Massage may be the oldest and simplest form of medical care. Egyptian tomb paintings show people being massaged. In Eastern cultures, massage has been practiced continually since ancient times. A Chinese book from 2,700 B.C., The Yellow Emperor's Classic of Internal Medicine, recommends breathing exercises, massage of skin and flesh, and exercises of hands and feet" as the appropriate treatment for complete paralysis, chills, and fever. It was one of the principal method of relieving pain for Greek and Roman physicians. Julius Caesar was said to have been given a daily massage to treat neuralgia.
Swedish massage, the method most familiar to Westerners, was developed in the 19th century by a Swedish doctor, poet, and educator named Per Henrik Ling. His system was based on a study of gymnastics and physiology, and on techniques borrowed from China, Egypt, Greece, and Rome. Physiotherapy, originally based on Ling's methods, was established with the foundation in 1894 of the Society of Trained Masseurs. Massage increases the circulation of blood and flow of lymph. The direct mechanical effect of rhythmically applied manual pressure and movement used in massage can dramatically increase the rate of blood flow. Also, the stimulation of nerve receptors causes the blood vessels (by reflex action) to dilate, which also facilitates blood flow. This has a profound effect on one's health.
Who gets massages?
For years, people have equated massage therapy with the "Rich and Famous". Only those professional athletes who were in extensive training or people who were wealthy were privy to this luxury. Unfortunately, through the years little has been done to change the public's impression of massage. We have been told that it is "relaxing". We know that it "feels good". We do it to "treat" ourselves. We need to be updated in our thinking about this powerful health tool. Today, massage is readily available to help us with our health.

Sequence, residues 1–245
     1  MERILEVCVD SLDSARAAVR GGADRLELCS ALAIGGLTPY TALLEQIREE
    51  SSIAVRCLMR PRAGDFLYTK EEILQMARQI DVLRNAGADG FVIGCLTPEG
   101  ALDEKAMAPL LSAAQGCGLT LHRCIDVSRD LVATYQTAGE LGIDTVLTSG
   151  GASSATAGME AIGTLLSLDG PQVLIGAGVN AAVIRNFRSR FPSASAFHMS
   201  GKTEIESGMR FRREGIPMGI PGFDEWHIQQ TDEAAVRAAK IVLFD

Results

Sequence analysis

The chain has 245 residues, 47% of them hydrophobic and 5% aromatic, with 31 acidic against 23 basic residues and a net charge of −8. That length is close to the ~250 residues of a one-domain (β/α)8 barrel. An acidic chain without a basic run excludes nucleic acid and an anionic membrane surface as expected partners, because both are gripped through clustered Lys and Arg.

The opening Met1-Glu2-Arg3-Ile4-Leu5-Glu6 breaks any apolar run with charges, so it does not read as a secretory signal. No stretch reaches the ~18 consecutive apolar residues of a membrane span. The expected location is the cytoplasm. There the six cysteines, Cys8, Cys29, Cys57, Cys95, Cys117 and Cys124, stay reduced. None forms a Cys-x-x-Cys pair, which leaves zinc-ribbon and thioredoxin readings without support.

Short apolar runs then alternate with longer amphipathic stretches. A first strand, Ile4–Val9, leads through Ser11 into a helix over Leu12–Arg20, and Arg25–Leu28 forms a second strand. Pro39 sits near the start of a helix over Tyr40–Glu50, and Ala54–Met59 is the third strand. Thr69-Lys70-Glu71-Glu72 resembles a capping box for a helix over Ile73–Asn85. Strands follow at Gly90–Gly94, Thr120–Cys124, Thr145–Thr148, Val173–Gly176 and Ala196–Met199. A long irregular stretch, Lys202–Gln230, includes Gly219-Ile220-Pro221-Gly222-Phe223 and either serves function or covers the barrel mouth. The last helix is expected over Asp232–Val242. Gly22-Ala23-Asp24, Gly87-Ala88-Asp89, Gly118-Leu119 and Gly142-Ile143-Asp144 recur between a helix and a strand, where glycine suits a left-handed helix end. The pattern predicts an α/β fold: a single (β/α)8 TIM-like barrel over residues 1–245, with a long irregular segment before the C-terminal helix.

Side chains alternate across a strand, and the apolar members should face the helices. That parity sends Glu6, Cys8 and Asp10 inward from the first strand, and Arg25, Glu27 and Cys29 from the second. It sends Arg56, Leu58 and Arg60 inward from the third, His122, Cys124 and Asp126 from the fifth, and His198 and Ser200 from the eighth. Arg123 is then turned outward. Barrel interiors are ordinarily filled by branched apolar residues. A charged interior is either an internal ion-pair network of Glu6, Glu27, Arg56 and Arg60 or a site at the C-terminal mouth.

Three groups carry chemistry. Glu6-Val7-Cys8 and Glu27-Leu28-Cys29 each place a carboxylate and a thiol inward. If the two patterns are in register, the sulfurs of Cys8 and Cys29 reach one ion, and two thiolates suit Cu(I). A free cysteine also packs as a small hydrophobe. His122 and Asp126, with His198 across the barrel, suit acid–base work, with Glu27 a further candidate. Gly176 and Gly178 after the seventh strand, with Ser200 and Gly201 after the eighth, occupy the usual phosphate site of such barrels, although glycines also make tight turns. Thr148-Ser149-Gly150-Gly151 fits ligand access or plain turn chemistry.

I feel great! Do I need a massage?
Much research has been done concerning massage and little has been released to the public. Massage is not only relaxing and a feel good treat - it is a health service few people should ignore. The human body needs to be maintained just as any other sophisticated piece of machinery. We cannot wait until we have a "breakdown" to do preventive maintenance.
Doesn't everyone have "breakdowns" occasionally?
Massage is not going to avoid all "breakdowns", but it can help in preventing accumulated stress. We certainly wouldn't drive our cars without changing the oil. But, when it comes to our bodies, we are just beginning to learn the importance of proper nutrition, exercise, water intake and environmental concerns. Massage is another tool to improve our well being.
What do I do during a massage?
Relax completely. Close your eyes. Let your body be limp. Clear your mind of thoughts and focus on the music and the relaxing feelings. It is not necessary to assist the therapist.
Should I talk?
Conversation is not generally beneficial. The therapist is working on your body and concentrating on your physical condition. Feel free at any time to give the therapist feedback, if pressure is too light or too heavy - or if you are uncomfortable in any way.
What do I wear?
Whatever you are most comfortable in. It is best to remove all clothing because it is easier and more effective to massage that way, but know that your body will be covered at all times. Only those areas being massaged are exposed to permit work on specific muscles.